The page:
Content: In need of a new part for your broiler? Cheeseburgers cooking up too slow? Tommy the Turtle thinks so, too. Order from PartsToYouFast.com today.
Picture: An igniter for an oven.
Content: Time to rekindle that flame in your life? Learn about what prolongs igniters at the PartsToYouFast blog.
Picture: A piece of toast with clock parts on it.
Content: Need a part for your toaster oven and have no time to spare? Your order is always up at PartsToYouFast.com!
Picture: An oven that transforms into a robot with guns chasing people.
Content: Has your oven gone mad again? Don’t worry. Call PartsToYouFast.com today and we’ll get a replacement part out to you in no time.
Picture: An old advertisement for Spam.
Content: Have last-minute Company coming for the weekend? Not sure what to cook? Keep cool – we have the answer.
Picture: A hamster clinging to a rope or a trapeze bar, looking down (scared).
Content: Tired of being put on hold when ordering replacement parts for your appliances? Order from PartsToYouFast.com and we won’t leave you hanging.
Picture: A police vehicle with donuts for wheels.
Content: Today is June 3rd … National Donut Day. Go ahead. Take an extra coffee break and indulge.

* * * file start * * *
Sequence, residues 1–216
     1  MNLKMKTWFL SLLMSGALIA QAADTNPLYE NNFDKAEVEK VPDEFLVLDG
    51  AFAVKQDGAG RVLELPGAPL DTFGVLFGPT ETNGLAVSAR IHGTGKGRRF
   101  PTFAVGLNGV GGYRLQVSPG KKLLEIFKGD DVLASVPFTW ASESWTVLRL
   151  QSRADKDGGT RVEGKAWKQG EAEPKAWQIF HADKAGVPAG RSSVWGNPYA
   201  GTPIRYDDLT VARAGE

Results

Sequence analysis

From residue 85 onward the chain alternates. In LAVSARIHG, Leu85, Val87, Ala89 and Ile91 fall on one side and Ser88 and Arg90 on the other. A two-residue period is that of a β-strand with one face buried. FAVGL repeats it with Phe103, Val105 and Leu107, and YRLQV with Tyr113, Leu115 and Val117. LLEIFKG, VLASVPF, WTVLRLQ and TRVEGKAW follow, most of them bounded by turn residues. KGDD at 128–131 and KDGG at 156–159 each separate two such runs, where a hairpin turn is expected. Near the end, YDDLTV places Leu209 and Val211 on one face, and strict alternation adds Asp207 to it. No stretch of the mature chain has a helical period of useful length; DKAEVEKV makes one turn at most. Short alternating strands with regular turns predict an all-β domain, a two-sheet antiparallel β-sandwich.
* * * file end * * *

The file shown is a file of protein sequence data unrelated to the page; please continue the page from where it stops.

Are you getting the hang of this yet?
Being on the frontline of social media, you are the eyes, ears, and mouth of your business. One of the greatest skill sets you can develop is your customer service skill – giving your customers that little extra glimmer without seeming like a flirt.
What defines your business brand today? You want to express your brand with positive words and messages, and by images and/or videos that convey the real nature of your purpose, value, and processes. While these are hard concepts to pin down, the first step in articulating your brand is to define the opposite attributes.
Here’s an exercise to try right now. Take out a sheet of paper and write out adjectives that might hurt or damage your brand image. For example, here are some negative attributes you might want to avoid:
Make sure that any messages you post on Facebook don’t inadvertently convey these negative attributes. Doing so can seriously damage your brand.
Now write down adjectives that describe your business in a positive manner. Do these terms describe your business?